Worldwide, human brucellosis is the most common zoonotic disease and it has gained increasing interest because of the potential use of Brucella as a biological weapon. Monotherapy for brucellosis is associated with a high relapse rate and dual therapy in different combinations is more efficacious. The combination regimen of intramuscular streptomycin with an oral tetracycline resulted in fewer relapses than the doxycycline-rifampin combination in meta-analysis and prospective studies, although the use of doxycycline and rifampin is a reasonable choice in certain conditions. Longer duration and triple antimicrobial therapy appear to improve outcome and prevent relapses, especially in patients with focal disease. Recently, the use of gentamicin-loaded microparticles and the use of new antibiotics, such as tigecycline, may hold future promise. In addition, there are a few studies of the enhanced effect of immune response stimulators, such as levimasole and IFN-2, in the treatment of brucellosis. The development of an effective subcellular Brucella vaccine would be an important step forward to curtail the disease. However, currently and for the near future, only the control of animal disease is possible using vaccine strategies.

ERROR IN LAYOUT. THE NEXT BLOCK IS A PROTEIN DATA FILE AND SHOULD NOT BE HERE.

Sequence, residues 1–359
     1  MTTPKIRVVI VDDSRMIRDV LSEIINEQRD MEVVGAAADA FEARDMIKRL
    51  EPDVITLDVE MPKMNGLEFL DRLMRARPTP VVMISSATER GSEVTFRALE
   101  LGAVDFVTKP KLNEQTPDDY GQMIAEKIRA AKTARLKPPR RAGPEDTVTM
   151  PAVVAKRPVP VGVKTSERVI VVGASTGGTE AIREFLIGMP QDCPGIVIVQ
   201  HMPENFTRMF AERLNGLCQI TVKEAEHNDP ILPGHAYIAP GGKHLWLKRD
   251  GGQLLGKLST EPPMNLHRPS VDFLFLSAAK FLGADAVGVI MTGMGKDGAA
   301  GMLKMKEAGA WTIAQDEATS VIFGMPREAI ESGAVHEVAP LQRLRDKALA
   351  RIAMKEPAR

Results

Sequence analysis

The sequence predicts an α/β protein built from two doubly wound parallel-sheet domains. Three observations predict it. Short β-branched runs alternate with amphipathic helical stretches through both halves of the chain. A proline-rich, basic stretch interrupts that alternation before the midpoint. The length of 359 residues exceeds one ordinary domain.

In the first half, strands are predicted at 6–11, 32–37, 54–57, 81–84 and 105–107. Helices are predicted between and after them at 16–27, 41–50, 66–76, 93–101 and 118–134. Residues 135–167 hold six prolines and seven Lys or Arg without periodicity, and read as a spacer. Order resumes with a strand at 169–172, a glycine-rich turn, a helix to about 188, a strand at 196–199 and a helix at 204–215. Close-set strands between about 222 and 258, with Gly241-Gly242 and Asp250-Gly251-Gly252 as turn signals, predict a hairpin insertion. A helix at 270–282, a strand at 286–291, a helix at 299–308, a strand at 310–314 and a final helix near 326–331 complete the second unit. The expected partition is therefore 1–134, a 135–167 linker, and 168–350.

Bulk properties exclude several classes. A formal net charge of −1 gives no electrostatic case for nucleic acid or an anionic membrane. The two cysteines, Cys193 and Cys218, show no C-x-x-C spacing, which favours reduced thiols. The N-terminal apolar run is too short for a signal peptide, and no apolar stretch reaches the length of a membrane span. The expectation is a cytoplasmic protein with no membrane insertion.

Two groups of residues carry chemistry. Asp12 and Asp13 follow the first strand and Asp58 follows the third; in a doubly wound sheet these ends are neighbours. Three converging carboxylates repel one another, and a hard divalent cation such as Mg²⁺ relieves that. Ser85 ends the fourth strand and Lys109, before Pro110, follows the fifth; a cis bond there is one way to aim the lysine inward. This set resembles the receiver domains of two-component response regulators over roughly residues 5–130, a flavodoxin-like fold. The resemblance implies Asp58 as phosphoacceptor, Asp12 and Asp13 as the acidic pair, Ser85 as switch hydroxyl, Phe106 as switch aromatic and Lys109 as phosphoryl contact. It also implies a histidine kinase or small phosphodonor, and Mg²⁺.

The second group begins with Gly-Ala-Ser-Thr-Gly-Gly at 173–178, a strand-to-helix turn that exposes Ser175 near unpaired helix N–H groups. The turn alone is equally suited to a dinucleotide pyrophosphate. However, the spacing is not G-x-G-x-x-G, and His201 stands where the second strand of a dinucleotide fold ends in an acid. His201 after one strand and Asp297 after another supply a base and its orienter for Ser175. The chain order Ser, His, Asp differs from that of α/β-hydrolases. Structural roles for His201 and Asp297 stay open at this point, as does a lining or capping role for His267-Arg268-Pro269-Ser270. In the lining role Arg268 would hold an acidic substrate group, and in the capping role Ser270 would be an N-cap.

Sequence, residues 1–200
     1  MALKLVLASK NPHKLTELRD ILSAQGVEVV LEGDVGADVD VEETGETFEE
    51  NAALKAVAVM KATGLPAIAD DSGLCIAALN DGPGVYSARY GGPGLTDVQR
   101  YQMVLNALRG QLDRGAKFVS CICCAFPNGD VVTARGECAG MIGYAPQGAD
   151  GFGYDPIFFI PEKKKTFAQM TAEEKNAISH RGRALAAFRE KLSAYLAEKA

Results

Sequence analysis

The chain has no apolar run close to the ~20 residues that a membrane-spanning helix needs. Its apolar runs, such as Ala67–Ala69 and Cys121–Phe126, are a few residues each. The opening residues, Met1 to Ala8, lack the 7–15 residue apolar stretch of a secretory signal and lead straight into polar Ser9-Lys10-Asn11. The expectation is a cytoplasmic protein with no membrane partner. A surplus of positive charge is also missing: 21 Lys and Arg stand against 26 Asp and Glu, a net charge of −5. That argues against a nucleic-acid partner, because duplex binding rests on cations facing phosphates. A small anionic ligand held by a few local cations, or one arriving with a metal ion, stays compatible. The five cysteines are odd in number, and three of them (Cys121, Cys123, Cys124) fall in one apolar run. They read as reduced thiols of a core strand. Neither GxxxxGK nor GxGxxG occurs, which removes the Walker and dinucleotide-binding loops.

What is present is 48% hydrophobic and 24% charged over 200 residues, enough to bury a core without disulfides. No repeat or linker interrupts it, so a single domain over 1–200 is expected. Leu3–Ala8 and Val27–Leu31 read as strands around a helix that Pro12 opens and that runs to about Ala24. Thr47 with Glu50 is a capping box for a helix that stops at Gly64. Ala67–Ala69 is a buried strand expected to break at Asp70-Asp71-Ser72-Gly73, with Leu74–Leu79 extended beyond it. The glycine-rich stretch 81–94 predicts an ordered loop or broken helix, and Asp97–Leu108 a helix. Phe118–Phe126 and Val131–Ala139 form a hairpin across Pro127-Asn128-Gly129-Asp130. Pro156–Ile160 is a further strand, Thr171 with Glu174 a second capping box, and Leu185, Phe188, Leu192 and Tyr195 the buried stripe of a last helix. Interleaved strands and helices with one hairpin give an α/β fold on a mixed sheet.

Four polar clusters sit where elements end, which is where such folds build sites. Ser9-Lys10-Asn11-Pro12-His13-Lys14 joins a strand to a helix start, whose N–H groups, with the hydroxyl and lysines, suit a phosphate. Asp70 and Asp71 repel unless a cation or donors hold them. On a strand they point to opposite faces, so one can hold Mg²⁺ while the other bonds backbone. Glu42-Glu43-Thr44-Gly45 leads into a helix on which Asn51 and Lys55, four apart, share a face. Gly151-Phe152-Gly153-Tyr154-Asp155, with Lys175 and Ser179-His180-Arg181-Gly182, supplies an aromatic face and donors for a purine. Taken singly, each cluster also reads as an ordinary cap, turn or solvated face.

Expert Review of Anti-infective Therapy
Expert Rev Anti Infect Ther. 2008 Feb;6(1):109-20